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iPhone 6 Plus Vs. Nikon D800 Sunrise Shootout

Here’s another comparison photo from my iPhone 6 Plus and my Nikon D800. They may not be a fair comparison per se, but it’s always fun to see the difference in quality between a mobile photo and that from a dSLR.

I posted the square cropped version of the iPhone 6 Plus photo on Instagram. But this is just one example where square just doesn’t cut it. The full version, as seen here, us much more dramatic and screams for attention.

The long exposure was done through Slow Shutter Cam app; I believe this was either a 4 or 8 second exposure. I believe I edited the colours in Instaflash Pro, and then put it through VSCOcam, where I applied the M4 preset to get this overall faded yet colourful look.

iPhone 6 Plus edited in VSCOcam

iPhone 6 Plus edited in VSCOcam

The Nikon D800, shown below is a 1 second exposure. It was edited in Lightroom where I enhanced the colours near the horizon, added a saturation gradient to the sky, and sharpened and brightened up the buildings a touch. The composition is very similar to the iPhone 6 Plus, but you can see that it is zoomed in much closer to the skyline.

Nikon D800, f/9.0, ISO 100, 1.0 sec., 70mm

Nikon D800, f/9.0, ISO 100, 1.0 sec., 70mm

I personally like the Nikon D800 version better with the vibrant tones to the sunrise. I love the subtle mixture of blue, yellow, and orange half way up this photo. The sharpness of the buildings can’t be matched by the iPhone either.

Still, it’s amazing what a mobile phone is capable of accomplishing in a matter of minutes. The edit oh my iPhone took a lot less time to do than the edit in Lightroom—and I could change the look and feel of the photo in seconds with the tap of a filter.

That’s the payoff with mobile photography!

Sunrises are easier to photograph

Over the last few weeks, I’ve been getting up early to catch the sun rise above the horizon on the shores of Lake Ontario. It wasn’t easy waking up at 5am some days, but let me tell you, more often than not, I find it easier to take photos of sunrises than sunsets. And here’s why.

The horizon

The glow of the morning sun just above the horizon

In order to take any photos of sunrises or sunsets, you have to be present at that time. I’ve often heard many photographers say that they like to take sunset photos much more than sunrise photos because of the sheer fact that they are always awake at that time. Well, for the most of us, that’s true.

I can’t however, always say that it’s easier to take sunset photos because that means I have to schedule my day around this time. If I’m out and about running errands or doing something else, I may not necessarily be able to make it to that sunset shoot. And as our schedules get increasingly busier and busier, we are often left wanting more time to just relax to ourselves, making it even harder to want to go to that shoot to begin with.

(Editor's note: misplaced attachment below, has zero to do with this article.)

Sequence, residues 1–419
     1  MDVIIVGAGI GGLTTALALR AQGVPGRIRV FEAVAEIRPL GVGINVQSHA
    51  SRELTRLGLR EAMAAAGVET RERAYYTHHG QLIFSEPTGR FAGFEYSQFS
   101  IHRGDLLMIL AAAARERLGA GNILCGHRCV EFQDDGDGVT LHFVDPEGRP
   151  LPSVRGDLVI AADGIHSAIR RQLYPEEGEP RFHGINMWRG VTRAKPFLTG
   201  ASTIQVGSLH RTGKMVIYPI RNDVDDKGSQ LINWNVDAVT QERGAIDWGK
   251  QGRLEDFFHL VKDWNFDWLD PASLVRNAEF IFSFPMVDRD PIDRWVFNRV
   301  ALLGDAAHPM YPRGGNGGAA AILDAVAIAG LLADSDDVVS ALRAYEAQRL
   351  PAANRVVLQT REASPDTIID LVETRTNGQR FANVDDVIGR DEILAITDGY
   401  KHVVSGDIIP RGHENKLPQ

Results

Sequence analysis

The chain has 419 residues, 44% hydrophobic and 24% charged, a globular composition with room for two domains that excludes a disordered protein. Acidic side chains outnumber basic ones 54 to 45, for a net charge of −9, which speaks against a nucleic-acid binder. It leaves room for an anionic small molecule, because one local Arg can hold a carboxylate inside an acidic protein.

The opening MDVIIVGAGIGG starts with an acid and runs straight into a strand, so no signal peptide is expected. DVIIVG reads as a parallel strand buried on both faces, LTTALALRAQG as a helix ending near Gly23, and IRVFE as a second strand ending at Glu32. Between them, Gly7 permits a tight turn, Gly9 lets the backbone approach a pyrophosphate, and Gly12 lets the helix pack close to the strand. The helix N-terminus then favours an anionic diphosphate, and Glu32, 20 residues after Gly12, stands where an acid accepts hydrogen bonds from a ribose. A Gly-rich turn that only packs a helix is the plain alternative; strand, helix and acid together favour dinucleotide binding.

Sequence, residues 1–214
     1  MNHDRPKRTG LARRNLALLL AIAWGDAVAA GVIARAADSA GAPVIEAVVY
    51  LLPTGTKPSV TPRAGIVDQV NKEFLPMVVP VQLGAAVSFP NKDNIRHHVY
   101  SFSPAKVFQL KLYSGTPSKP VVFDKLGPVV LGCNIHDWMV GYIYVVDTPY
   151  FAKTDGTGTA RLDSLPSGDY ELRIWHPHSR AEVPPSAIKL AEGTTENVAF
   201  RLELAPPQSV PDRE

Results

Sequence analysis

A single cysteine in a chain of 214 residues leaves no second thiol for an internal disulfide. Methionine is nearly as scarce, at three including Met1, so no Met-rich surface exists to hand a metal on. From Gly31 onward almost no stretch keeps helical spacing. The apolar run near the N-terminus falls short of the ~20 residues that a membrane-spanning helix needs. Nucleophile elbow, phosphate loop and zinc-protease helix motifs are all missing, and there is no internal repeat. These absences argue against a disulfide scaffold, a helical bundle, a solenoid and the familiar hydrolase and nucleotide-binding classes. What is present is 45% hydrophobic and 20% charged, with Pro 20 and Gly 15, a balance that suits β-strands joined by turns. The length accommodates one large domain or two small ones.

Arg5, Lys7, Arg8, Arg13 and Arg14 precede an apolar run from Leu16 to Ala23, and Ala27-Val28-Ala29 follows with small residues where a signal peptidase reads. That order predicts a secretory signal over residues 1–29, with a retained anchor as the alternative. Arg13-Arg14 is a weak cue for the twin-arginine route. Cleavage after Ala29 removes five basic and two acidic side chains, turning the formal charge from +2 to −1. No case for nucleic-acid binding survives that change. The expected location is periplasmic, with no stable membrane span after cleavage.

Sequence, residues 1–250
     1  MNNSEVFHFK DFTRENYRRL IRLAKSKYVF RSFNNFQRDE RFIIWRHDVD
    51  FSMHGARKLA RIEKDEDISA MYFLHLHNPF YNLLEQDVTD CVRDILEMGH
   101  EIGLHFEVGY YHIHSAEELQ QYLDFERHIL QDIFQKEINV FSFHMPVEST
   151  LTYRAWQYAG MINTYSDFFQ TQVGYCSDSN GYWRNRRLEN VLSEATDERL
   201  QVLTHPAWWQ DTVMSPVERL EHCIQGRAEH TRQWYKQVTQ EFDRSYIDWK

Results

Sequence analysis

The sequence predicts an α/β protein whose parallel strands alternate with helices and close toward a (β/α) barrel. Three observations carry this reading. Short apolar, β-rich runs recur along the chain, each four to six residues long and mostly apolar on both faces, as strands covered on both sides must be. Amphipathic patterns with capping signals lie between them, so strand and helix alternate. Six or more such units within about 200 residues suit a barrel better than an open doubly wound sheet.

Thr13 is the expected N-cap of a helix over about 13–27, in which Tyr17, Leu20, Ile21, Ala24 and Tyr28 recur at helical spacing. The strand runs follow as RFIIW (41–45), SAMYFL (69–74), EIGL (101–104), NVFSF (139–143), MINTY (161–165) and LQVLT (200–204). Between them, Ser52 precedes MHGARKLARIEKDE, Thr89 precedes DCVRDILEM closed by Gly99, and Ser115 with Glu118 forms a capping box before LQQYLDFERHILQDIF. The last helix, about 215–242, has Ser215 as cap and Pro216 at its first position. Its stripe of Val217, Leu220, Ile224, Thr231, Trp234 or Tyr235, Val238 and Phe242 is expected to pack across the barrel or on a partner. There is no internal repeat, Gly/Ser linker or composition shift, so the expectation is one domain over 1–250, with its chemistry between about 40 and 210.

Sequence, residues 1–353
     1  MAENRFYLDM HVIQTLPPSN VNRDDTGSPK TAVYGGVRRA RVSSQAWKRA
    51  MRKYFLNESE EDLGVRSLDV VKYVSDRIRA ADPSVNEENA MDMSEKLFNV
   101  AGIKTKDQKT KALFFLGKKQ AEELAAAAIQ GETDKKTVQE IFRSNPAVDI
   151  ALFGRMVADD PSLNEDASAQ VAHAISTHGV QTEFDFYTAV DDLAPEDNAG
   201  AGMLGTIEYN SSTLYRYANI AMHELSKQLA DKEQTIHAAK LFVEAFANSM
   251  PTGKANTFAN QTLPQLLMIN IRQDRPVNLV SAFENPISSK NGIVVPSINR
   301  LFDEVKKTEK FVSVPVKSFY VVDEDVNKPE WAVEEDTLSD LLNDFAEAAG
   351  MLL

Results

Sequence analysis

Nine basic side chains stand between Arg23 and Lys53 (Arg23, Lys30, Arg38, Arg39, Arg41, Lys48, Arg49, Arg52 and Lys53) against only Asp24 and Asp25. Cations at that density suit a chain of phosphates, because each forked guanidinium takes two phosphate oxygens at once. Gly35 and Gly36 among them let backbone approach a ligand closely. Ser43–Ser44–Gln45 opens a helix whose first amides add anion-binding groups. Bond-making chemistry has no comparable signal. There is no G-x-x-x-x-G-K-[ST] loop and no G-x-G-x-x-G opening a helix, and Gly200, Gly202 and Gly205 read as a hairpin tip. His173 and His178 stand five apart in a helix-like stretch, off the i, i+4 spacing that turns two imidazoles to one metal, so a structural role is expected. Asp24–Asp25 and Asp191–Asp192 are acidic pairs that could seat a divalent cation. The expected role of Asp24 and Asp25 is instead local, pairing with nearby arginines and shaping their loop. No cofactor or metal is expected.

Sunrises, however, are a completely different animal. Why? Because 99% of the time, we are always doing the same thing before the sun rises: sleeping. What do we need to do to go take those sunrise shots? Wake up! It’s really that easy. No need to reschedule appointments, rush traffic, or miss dinner.

Admittedly it does take that extra effort of waking up extra early but I find it very rewarding to see that sun rise amidst the cool morning breeze. In fact, there’s nothing more eye-opening than seeing Mother Nature at her best.

The sun rise

The sun rises at the U-Turn

 

Over the last few weeks I made it an effort to catch those morning glows. Some days I was more successful than others—weather-wise. During heavily overcast periods you don’t get that brilliant glow of the morning sun. Instead if you’re lucky, you’ll get some dramatic clouds rolling in with a hint of the sun behind it. But other days I’ve witnessed some magical moments that I hoped I was able to show with my photography.

The white rise of the sun, fog, and clouds.

The white rise of the sun, fog, and clouds.

Next time, why not wake up just a little earlier and see what surprises await you?

Concrete Jungle

Nikon D800, 14mm, f/8.0, 1/30 sec., ISO800

Nikon D800, 14mm, f/8.0, 1/30 sec., ISO800

Why is it that people are always fixated by cityscape overview shots? Are they bewildered by the amount of buildings the city has? Or perhaps it’s the lack of? Is it the wide expanse the view provides us, or the fact that you can see the horizon in the far distance mixed in with the buildings in the foreground? Our curiosity is what strives us to go further with our photography and that’s always a great learning experience.

This shot was taken from the CN Tower right before a storm was approaching the city. The ominous clouds coupled with the sun trying to peak out from them made for a great photo opportunity. The CN Tower offers a great observatory for photographers, and while you are not allowed to take your tripod with you, you’re still able to get some nice shots with the advent of the latest technologies in dSLRs.

B&W landscapes can be dramatic

iPhone 6 Plus, 4 second exposure

iPhone 6 Plus, 4 second exposure

I’m not the one to make black and white landscape photos, but when I see one that works, I stick with it. This photo that I took with my iPhone 6 Plus is one such example.

This was in fact a long exposure of about 4 seconds, which is why you can see the rocks so clearly. The exposure was long enough to smooth out any movements from the water.

I was standing on the edge of the icy area so I was restricted in where I could place my camera and tripod, but I knew somehow, this place would work well. While I was pleased with the coloured version, as soon as I edited this in black and white, I knew instantly this was the version I wanted.